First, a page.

Re: [xml] New user, evaluating XML libraries

On Tue, Dec 19, 2006 at 12:23:03PM -0500, Will Sappington wrote:
Hello to all,

  Hi, only answering to a few specific points, I maybe biased otherwise

*     (I may be mistaken about this, but...) for character encodings
libxml uses a standard library (iconv) that is distributed with most
versions of Linux and Unix (and has been ported to Win32),

  it's slightly more complex, libxml2 uses its own routines for UTF-8/UTF-16
and ISO Latin 1, in order to ensure it always work on the mandatory encodings
but uses iconv when detected at build time which is the standard and preferred
way on Unix/Linux.

*     In addition to a DOM-like interface and SAX support, libxml has
the XMLTextReader interface which I haven't tried yet, but I'm assuming
is a fast efficient way to do simple XML queries.  Xerces has only DOM
and SAX.

  XMLTextReader is streaming, more convenient than SAX, but a bit slower.

I've likened the use of big packages like Xerces for some of the things
we need to "using a blowtorch to light a cigarette".  Here is one
response from a Xerces user:


"Libxml is a great library with somewhat different goals than Xerces.  I

don't think it's explicitly stated on the Web site, but Xerces and other

projects that build on it tend to implement W3C standards (DOM, XML

Schema), while libxml implements what its maintainer prefers (a unique

API, RelaxNG), with a focus on efficiency.  Both approaches are

reasonable, and which is appropriate depends on your needs.

  Le'ts be frank, it's a bit of FUD, Schemas is being implemented, it's
not fully implemented because the spec is basically broken beyond recovery.
I implement and believe in standard (I sit on the W3C XML Core Working Group,
like IBM representatives) but standardizing APIs at W3C has been a disaster
DOM is IMHO severely broken, SAX not formerly defined except for Java. On
the other hand the XMLTextReader from C# is part of the ECMA C# spec, and
is a good API.

In your shoes, if I were certain that lighting a cigarette is all I

would ever need to do, I'd probably use libxml.  In my experience,

though, XML is useful for so many things that I'd probably want to be

prepared to bake, boil, weld, and power fighter jets as well - in a

variety of local languages.  I'm a nut for portability, and a DOM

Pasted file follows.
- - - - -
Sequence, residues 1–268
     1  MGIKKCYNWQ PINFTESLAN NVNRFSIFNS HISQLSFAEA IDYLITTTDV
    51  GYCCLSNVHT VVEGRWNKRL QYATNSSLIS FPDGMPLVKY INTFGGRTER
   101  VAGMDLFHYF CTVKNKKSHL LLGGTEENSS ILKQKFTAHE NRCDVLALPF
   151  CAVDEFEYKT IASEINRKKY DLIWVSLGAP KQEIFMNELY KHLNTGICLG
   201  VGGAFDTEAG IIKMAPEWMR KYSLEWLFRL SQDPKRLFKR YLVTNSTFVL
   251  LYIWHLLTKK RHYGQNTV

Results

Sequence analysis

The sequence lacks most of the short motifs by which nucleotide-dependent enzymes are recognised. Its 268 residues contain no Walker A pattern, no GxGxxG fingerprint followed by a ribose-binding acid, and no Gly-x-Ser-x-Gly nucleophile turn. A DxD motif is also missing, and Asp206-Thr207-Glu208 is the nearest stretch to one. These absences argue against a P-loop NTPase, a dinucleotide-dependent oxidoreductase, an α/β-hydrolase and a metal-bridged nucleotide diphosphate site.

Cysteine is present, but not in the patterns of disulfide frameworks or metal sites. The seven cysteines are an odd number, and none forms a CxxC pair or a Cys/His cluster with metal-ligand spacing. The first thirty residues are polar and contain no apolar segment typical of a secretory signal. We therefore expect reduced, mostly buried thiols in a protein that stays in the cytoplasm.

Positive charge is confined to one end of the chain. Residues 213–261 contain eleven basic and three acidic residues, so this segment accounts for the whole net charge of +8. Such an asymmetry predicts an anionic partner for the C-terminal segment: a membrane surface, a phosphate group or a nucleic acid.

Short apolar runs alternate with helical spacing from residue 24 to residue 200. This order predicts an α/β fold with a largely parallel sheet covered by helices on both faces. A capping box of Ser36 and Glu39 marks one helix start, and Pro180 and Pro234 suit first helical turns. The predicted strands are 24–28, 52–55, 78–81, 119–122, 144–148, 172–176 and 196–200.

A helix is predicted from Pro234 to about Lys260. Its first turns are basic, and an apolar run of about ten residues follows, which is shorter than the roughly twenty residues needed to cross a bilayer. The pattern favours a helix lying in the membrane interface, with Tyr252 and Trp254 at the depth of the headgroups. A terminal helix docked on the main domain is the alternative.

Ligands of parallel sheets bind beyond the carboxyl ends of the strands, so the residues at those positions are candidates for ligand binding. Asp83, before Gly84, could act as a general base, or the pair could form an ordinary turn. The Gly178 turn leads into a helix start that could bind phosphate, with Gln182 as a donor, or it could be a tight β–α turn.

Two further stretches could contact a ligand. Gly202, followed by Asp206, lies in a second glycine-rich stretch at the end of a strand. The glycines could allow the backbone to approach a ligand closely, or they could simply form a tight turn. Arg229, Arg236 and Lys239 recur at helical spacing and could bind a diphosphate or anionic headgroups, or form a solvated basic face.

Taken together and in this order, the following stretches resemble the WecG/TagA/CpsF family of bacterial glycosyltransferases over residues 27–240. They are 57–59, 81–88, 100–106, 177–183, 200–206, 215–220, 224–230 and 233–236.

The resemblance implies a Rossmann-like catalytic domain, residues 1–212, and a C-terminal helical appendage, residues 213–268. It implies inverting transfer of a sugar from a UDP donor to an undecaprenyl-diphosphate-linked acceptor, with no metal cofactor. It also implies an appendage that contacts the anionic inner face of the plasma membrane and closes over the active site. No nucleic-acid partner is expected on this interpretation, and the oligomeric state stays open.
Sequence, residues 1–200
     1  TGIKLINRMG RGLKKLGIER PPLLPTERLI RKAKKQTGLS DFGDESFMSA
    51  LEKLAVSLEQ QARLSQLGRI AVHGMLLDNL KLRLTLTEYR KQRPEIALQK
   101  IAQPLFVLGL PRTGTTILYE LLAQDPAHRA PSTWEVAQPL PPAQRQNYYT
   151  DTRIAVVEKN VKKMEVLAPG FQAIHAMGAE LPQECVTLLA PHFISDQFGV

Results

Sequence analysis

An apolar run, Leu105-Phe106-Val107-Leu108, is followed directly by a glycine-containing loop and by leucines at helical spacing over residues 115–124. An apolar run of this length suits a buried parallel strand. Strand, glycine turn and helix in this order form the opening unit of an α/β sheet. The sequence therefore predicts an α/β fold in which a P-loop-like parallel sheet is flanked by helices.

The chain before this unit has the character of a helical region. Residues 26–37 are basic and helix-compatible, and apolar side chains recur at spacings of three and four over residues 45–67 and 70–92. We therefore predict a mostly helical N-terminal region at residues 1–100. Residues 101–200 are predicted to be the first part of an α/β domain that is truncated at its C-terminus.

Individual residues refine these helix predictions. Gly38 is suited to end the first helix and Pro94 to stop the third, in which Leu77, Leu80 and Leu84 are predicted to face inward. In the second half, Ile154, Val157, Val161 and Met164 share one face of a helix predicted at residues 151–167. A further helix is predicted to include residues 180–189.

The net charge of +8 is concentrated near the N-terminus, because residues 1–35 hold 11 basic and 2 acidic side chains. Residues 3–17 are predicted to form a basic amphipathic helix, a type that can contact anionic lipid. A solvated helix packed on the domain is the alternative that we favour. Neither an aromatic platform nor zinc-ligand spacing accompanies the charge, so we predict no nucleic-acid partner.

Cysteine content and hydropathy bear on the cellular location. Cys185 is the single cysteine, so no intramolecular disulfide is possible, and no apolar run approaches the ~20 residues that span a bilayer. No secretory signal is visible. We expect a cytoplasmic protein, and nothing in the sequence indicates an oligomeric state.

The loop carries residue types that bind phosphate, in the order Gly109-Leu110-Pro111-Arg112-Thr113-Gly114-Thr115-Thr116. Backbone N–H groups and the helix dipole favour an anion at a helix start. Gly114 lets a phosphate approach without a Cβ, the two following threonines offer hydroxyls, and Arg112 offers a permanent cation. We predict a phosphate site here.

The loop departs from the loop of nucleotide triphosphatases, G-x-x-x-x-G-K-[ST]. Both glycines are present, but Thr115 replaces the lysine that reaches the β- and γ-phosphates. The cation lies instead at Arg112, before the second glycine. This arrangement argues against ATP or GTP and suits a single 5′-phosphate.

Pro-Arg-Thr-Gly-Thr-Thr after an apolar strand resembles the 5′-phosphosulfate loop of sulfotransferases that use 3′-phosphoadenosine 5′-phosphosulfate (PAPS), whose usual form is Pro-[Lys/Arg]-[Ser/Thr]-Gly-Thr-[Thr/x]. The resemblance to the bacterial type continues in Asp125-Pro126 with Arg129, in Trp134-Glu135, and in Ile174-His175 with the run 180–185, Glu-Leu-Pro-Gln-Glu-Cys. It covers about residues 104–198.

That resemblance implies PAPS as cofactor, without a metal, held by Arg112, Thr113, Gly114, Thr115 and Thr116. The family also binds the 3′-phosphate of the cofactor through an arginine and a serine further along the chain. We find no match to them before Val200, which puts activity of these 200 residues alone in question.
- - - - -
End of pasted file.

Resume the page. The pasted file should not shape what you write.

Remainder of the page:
interface has the advantage of being similar or identical in a wide

range of environments (C++, C#, JavaScript, etc)."


What about this?  Is Xerces that much more powerful, as the writer
suggests?  Is portability the only advantage to W3C-compliant interfaces
like DOM?

  Simple, DOM is not defined for C. There is no proper binding, the 
result of trying to run the interface generator for C build an heresy 
no-one sane want to work against. 
  Also DOM *requires* UTF-16 for all strings. This means that in general
1/ you will loose time, most content around is UTF-8
2/ you will loose memory space/cache efficiency as the converted output is
   way larger in average
3/ you will looose CPU efficiency as breaking cache is #1 performance 
   problem in modern computers
4/ most unixes APIs are fine with UTF-8 content, but working with UTF-16 
   is *not* fun there, this is biased toward Windows programming IMHO

And then this:


"In cases where performance is critical, I think you'd be best off

avoiding XPath altogether. (snip) An optimal Xerces SAX parser might
well be more efficient than

libxml parsing + XPath evaluation."

  If you can avoid XPath, sure it is never the most efficient. But it's
certainly easier to write code with it and *maintain* said code. The main
problem is that XPath somehow forces to use a tree, at least in libxml2.
But see



"One big difference between Xerces-C++ and Libxml2 is that the latter

does not have a functional XML Schema validator. I don't know if it

  There is no functional XSD validator. Go to the xmlschemas-dev
archive at W3C, check the last 5 questions from Michael Kay (who is
a Schemas implementor and one of the W3C spec writers), they are unanswered
for weeks now, nobody can tell what it is supposed to do. Trying to use
XSD to promote interoperability or validation of data is kind of a joke.
Relax-NG on the other hand is an ISO standard, has a formal specification
and can be read and understood by most programmers in a matter of a couple
of days. Pick your poison, sorry I can make the difference between a bad 
technology and a good one, especially in that domain.

I'm unsure of the importance of an XML Schema validator so I can't
comment on this.  I don't think I agree with the comment about speed vis
a vis UTF-8/16.  Encoding conversions using UTF-8 are more
computationally intensive than UTF-16 so what you lose by moving around
double the number bytes would, I think be offset by the greater CPU
requirement for translating the data.  Does Xerces' use of UTF-16
provide support for a wider range of encodings and local languages?

  It's DOM and internal APIs which forces Xerces to UTF-16, it's just a
very bad design decision which was done by IBM  and Microsoft. The XML
spceification mandates that any compliant parser can process both UTF-8
and UTF-16 inputs.

I know this is rather long and I apologize in advance if it is too much
so, but obviously there's a lot to be considered, this is a hefty
decision, and I want to provide anybody who might be inclined to help
with as much to go on as possible.  Thanks in advance for any responses,

 Here you are, I'm certainly a bit biased though I tried to be honnest :-)


Red Hat Virtualization group
Daniel Veillard      | virtualization library
veillard redhat com  | libxml GNOME XML XSLT toolkit | Rpmfind RPM search engine

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